By Daniel Lanyon on Tuesday 31 July 2018
A veteran multi-asset fund manager offers some advice as to how P2P lenders and other online lending investment platforms can bolster investor confidence.
Funds investing in P2P lending, private debt and other alternative credit assets should improve standards of disclosure and manager track records in order to boost confidence among investors, according to Ian Barrass, the recently retired multi-asset fund manager of the £133m Henderson Alternative Strategies Trust.
In the Henderson Alternative Strategies Trust the manager and his co-manager James de Bunsen mostly look for alternatives-focused funds and investment trusts to build a portfolio that will beat equities over time but with lower volatility and lower correlation to mainstream risk assets. This has led them to consider many of the new trust launches exploiting the seismic explosion in demand for private debt and lending assets.
“Private credit is good place to be, it’s just a question of how you access it. You also have to look out for quick growth, any business that tries to lend too quickly puts itself at great risk,” Barrass told AltFi shortly before retiring.
Over the past four years listed funds, known as investment trusts, that have sought to capitalise on the ballooning market for non-bank lending and alternative forms of credit have grown rapidly in number and size. One of the first P2P Global Investments launched in 2014 and was swiftly joined by VPC Specialty Lending, Ranger Direct Lending, Hadrian’s Wall Secured Investments, Funding Circle SME Income, RM Secured Direct Lending, HoneyComb, SQN Secured Income, GCP Asset Backed Income and more.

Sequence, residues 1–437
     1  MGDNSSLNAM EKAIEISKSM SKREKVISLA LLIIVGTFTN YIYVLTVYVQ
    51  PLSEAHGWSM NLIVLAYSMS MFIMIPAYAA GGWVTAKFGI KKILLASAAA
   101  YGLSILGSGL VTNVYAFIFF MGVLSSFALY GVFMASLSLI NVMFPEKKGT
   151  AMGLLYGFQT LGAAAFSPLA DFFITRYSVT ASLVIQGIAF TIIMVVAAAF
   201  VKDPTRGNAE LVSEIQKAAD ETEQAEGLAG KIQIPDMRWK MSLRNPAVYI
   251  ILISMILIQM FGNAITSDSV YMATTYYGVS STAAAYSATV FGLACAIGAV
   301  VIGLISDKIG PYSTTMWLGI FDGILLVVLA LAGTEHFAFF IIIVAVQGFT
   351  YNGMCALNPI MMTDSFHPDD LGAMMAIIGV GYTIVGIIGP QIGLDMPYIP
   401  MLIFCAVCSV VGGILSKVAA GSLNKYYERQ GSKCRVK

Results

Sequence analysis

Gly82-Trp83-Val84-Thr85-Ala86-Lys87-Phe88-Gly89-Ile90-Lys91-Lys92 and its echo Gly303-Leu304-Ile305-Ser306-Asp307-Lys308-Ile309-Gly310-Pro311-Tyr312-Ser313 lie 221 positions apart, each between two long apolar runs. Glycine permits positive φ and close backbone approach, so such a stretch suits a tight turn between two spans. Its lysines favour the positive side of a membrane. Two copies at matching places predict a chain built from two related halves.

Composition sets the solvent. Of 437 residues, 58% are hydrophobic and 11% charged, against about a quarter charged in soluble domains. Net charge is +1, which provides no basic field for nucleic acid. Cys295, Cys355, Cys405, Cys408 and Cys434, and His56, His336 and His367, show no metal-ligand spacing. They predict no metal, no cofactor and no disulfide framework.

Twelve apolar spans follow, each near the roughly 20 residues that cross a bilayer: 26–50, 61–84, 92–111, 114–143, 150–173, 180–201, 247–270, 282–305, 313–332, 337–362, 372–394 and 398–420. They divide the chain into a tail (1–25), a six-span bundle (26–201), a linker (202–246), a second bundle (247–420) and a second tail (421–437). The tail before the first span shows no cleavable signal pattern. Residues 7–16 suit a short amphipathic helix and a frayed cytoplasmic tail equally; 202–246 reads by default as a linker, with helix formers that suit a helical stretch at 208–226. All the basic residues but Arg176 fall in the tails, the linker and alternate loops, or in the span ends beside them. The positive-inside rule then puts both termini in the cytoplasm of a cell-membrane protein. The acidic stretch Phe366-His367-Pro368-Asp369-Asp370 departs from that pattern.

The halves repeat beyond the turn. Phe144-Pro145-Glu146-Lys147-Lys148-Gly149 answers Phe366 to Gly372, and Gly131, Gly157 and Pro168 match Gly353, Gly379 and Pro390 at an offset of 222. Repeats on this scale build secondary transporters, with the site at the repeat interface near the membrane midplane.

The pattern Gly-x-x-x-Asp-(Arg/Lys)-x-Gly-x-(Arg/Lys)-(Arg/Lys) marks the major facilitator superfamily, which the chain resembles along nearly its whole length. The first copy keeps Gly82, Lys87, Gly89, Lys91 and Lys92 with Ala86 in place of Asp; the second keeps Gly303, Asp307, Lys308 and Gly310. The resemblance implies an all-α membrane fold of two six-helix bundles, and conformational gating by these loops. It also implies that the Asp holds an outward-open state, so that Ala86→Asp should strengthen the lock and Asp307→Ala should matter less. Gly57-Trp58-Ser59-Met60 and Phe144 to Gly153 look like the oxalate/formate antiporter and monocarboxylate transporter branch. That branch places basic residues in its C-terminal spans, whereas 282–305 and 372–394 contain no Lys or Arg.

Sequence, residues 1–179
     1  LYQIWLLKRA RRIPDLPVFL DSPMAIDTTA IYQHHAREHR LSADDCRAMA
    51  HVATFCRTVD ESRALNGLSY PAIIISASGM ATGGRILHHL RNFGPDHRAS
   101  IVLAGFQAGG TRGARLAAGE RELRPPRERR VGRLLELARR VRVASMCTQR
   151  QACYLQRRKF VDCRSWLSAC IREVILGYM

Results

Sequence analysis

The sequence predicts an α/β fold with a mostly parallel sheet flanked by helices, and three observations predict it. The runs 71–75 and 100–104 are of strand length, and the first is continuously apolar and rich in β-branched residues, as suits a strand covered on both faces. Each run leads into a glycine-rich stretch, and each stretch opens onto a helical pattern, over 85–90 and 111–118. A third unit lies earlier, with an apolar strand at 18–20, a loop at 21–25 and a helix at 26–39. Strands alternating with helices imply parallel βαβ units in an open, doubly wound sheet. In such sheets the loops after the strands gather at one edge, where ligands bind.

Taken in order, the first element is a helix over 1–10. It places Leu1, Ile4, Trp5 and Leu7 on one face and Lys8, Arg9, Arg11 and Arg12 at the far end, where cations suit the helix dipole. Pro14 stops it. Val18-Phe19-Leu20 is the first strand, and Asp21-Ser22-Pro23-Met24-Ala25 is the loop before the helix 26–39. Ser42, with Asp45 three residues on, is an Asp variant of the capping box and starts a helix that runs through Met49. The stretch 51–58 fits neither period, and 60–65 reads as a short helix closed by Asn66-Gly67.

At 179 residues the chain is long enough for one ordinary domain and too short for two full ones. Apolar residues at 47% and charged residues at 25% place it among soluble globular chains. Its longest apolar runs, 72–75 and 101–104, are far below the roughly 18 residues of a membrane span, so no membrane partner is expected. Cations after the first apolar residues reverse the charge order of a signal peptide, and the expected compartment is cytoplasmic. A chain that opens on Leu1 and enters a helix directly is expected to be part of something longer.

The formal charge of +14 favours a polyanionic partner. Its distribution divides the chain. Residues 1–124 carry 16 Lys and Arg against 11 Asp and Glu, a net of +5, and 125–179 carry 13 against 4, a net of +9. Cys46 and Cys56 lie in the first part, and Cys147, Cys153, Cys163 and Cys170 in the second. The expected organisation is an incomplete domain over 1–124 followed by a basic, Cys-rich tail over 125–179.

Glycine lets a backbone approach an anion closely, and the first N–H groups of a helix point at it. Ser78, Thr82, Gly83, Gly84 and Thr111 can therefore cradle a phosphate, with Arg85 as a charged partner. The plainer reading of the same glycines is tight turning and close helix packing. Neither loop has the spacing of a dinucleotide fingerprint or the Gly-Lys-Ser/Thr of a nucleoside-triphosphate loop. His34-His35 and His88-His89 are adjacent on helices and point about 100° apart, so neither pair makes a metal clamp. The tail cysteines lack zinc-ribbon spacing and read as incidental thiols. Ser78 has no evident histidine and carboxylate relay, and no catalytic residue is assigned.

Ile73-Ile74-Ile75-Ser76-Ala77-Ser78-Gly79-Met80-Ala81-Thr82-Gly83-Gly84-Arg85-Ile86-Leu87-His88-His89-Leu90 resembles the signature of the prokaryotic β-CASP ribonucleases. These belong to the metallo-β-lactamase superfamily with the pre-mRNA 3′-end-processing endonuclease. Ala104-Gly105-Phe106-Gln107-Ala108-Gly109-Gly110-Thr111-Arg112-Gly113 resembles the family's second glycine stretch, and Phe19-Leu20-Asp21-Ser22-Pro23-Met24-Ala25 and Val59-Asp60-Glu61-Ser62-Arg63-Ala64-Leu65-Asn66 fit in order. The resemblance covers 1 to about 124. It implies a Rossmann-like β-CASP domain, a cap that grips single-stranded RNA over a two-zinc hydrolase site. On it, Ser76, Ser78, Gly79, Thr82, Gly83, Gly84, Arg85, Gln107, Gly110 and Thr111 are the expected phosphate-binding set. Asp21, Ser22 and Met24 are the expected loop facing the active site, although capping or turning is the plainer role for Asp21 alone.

They account for the majority of the new listed funds in the stock exchange over this period in fact and have had many high profile backers such as Neil Woodford, Mark Barnett at Invesco Perpetual as well as Gary Potter and Mark Burdett at BMO GAM. Several dozen large asset managers including BlackRock, Axa, M&G, Standard Life, Kames, Legal & General Investment Management, Standard Life, Aberdeen Jupiter Asset Management, J.O Hambro Capital Management, Close Asset Management, Brooks MacDonald and Aviva Investors also invested in some of the portfolios at various points.
Despite being a natural investor in many of these funds Barrass and de Bunsen have largely avoided the space apart from investing in RM Secured Direct Lending since its launch in December 2016.
“There's too little transparency. It is very difficult to do credible DD [due dilligence] on them. Also, one of the problems with the credit sector is that a lot of people who have been in the credit markets long term [lending markets] don’t have attributable track records,” he said.
“It makes it really difficult to see if you have genuinely good lenders operating in these vehicles or for those subcontracting for these vehicles. For all we know some grizzled veteran could have lost hundreds of millions of pounds. There just isn't that same transparency that there is for equity fund managers in terms of track record,” he added.
While several portfolios have performed strongly and paid regularly dividends such as HoneyComb and Funding Circle SME Income but the likes of P2P GI and VPC Specialty Lending have both had to make significant pivots in strategy and engage in aggressive share buybacks as their discounts to net asset value.
Barrass, who has ran the Henderson Alternative Strategies Trust for the past five years until retiring this month, turning around its fortunes following a period of underperformance under former manager SVM, has more than 31 years experience within finance across private equity and portfolio management.
While investors in P2P lending have the AltFi Data UK Lending Index to understand the asset class' historic track record, finding an alternative credit benchmark is difficult and fund managers within the broader investment space don't typically record their own records in the same manner as equity managers tend to do so.
For example, Barass' own fund management track record is easily understoof, and pretty solid, having out performed his peer group by more than 20 percentage points over the past 10 years.
Ian Barrass' returns vs Peer Group over 10yrs
Source: FE Analytics
Barrass also notes that some of the listed specialist credit funds, from their share prices, have underperformed in the most benign credit conditions we have had for several decades.
“God knows what they will be like when things get tougher? We are just going to stay clear. If there is a bounce-back [in performance], so be it.”